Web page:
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ALKALI: - The word alkali is derived from Arabic words meaning ash of plants, and owes its significance to the fact that the ash con tains potassium salts.
The most familiar alkalizes are caustic soda and caustic potash, the hydroxides of the alkali metals sodium and potassium respec tively. Lithium and cerium are other alkali metals, compounds of which are used in medicine, and ammonia in solution acts as an alkali. The oxides of calcium, barium, strontium and magnesium are known as the alkaline earths. All these substances form salts with acids; they are able to neutralize acids and are themselves neutralized by acids. A substance is neutral when it is neither acid nor alkaline. In cases of poisoning by acids or alkalies each will, therefore, neutralise or form the chemical antidote of the other.
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In consequence of their power to neutralize acids, the alkalies, alkaline earths and their carbonates are sometimes called antacids. In acidity of the stomach, whether this is due to excess of the natural hydrochloric acid or to fatty acids produced in indigestion, antacids such as bicarbonate of soda will neutralize the id and bring great comfort to the patient..
In contrast with this effect of an alkali when it is added to hydrochloric acid already present in the stomach, say, when bicar bonate of soda is given after a meal, is its action when given about twenty minutes before a meal. It then increases the amount of hydrochloric acid poured into the stomach.
Thus, when indigestion as due to hyperacidity, or excess of acid, alkalies should be given after a meal, but when at is due to feeble digestive powers with an insufficiency of hydrochloric acid, alkalies should be given twenty minutes before the meal.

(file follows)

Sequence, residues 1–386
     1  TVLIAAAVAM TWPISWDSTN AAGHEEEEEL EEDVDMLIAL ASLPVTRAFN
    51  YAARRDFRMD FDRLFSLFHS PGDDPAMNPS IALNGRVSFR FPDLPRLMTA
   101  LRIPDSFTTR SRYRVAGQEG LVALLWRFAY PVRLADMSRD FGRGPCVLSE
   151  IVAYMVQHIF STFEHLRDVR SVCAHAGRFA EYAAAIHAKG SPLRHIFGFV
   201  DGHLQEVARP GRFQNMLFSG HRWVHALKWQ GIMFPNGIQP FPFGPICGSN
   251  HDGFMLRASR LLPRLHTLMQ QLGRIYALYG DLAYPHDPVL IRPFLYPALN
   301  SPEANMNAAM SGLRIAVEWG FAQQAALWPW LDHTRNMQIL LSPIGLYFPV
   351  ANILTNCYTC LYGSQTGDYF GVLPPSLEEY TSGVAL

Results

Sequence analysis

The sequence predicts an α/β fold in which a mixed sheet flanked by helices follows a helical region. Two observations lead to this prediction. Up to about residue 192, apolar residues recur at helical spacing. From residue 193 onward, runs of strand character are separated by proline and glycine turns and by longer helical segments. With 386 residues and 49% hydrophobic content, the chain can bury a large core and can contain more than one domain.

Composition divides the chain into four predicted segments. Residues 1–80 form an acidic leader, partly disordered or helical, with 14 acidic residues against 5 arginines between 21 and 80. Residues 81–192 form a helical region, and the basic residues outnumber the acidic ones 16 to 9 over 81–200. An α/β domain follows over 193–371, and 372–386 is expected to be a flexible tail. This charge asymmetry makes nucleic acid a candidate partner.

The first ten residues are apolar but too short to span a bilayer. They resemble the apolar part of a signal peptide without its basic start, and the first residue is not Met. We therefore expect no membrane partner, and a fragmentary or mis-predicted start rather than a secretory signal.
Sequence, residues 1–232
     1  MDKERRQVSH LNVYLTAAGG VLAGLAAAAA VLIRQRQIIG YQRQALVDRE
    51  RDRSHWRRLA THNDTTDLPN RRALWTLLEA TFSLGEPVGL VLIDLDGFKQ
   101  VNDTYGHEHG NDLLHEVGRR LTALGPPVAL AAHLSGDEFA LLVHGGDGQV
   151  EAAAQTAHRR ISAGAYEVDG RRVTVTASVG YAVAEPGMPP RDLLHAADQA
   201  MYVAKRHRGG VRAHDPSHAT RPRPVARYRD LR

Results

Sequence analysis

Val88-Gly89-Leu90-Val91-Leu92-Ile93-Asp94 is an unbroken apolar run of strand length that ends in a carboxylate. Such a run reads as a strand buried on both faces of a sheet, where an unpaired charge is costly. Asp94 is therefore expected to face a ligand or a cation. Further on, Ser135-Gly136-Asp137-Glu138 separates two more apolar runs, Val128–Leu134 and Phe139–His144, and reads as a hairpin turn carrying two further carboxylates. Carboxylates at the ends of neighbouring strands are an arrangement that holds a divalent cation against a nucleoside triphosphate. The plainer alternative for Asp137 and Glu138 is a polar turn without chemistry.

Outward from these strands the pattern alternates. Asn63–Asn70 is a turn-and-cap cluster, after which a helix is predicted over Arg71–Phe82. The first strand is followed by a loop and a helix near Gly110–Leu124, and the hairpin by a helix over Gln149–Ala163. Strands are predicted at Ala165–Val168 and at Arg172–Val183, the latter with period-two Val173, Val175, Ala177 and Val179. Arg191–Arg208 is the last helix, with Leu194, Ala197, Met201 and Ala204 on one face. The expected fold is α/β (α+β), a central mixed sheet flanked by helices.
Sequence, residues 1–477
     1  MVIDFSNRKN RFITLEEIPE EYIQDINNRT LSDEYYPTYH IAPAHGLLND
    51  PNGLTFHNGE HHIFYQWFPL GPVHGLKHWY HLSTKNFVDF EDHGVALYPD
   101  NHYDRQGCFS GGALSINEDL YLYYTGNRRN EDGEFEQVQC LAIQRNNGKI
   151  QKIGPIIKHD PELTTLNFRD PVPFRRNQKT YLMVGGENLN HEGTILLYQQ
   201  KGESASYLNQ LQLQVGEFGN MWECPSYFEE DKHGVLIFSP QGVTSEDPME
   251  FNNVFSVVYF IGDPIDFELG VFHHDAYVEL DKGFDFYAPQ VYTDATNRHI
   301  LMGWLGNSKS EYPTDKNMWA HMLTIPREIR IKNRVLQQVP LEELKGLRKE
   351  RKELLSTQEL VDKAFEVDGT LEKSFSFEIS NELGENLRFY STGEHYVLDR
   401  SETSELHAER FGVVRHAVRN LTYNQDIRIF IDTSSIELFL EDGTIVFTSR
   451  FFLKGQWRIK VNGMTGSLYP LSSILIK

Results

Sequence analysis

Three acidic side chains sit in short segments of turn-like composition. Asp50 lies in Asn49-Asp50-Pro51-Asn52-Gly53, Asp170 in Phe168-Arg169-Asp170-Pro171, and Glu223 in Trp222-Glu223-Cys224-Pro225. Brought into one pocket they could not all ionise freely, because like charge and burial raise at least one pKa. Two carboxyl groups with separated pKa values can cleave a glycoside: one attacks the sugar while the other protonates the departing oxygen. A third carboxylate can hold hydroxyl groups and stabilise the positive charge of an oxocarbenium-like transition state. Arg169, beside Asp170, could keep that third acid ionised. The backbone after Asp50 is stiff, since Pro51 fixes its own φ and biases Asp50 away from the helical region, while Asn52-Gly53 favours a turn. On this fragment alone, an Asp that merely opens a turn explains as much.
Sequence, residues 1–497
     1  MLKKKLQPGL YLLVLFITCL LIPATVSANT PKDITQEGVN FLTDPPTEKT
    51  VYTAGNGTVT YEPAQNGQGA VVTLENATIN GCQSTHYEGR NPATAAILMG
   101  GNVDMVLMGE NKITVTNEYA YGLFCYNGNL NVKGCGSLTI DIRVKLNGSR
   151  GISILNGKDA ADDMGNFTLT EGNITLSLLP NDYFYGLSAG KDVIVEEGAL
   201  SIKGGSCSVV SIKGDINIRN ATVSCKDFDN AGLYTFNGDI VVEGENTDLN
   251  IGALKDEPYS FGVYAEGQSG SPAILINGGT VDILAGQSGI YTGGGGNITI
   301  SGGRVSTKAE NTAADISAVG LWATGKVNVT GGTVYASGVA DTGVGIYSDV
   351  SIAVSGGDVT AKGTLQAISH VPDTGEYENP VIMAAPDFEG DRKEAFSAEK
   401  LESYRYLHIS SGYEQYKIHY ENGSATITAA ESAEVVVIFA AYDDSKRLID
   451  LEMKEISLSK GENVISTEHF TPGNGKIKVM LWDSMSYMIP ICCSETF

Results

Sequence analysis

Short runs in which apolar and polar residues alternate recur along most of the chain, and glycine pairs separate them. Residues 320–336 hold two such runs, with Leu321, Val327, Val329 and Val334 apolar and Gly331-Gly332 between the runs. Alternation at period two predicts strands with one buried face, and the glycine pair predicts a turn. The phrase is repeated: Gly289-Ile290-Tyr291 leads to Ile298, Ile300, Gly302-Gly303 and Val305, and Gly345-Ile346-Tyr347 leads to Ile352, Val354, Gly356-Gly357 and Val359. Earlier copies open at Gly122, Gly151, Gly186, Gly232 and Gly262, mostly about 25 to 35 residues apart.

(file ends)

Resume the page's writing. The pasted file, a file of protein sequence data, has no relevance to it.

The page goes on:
Alkalies liquefy mucous secretion and, therefore, when they are given in bronchial affections, with a tough adhesive sputum, they are of great use in loosening the cough. The blood and the other body fluids are; alkaline, more or less, and so are most of the secretions. In certain disorders of meta bolism the blood and lymph tend to become less alkaline than normally (see Acidosis). Alkalies such as potassium bicarbonate in large doses relieve symptoms due to this condition.
The gastric juice is acid, of course, and the urine normally is faintly acid. It is alkaline, however just after a meal. In testing whether or not the urine or any other liquid is alkaline, a piece of red litmus paper is dipped into it, alkalinity being shown by the paper becoming blue.
ALKALAEMIA: - This is a condition, also known as alkalosis, in which there is an increase in the alkali reserve of the blood and a corresponding diminution in its hydro genion content. The urine becomes alkaline, and there may be shortness of breath, loss of appetite and vomiting. It occurs in heart failure and at high altitudes, and may follow large doses of sodium bicarbonate or other alkali. See Acidosis.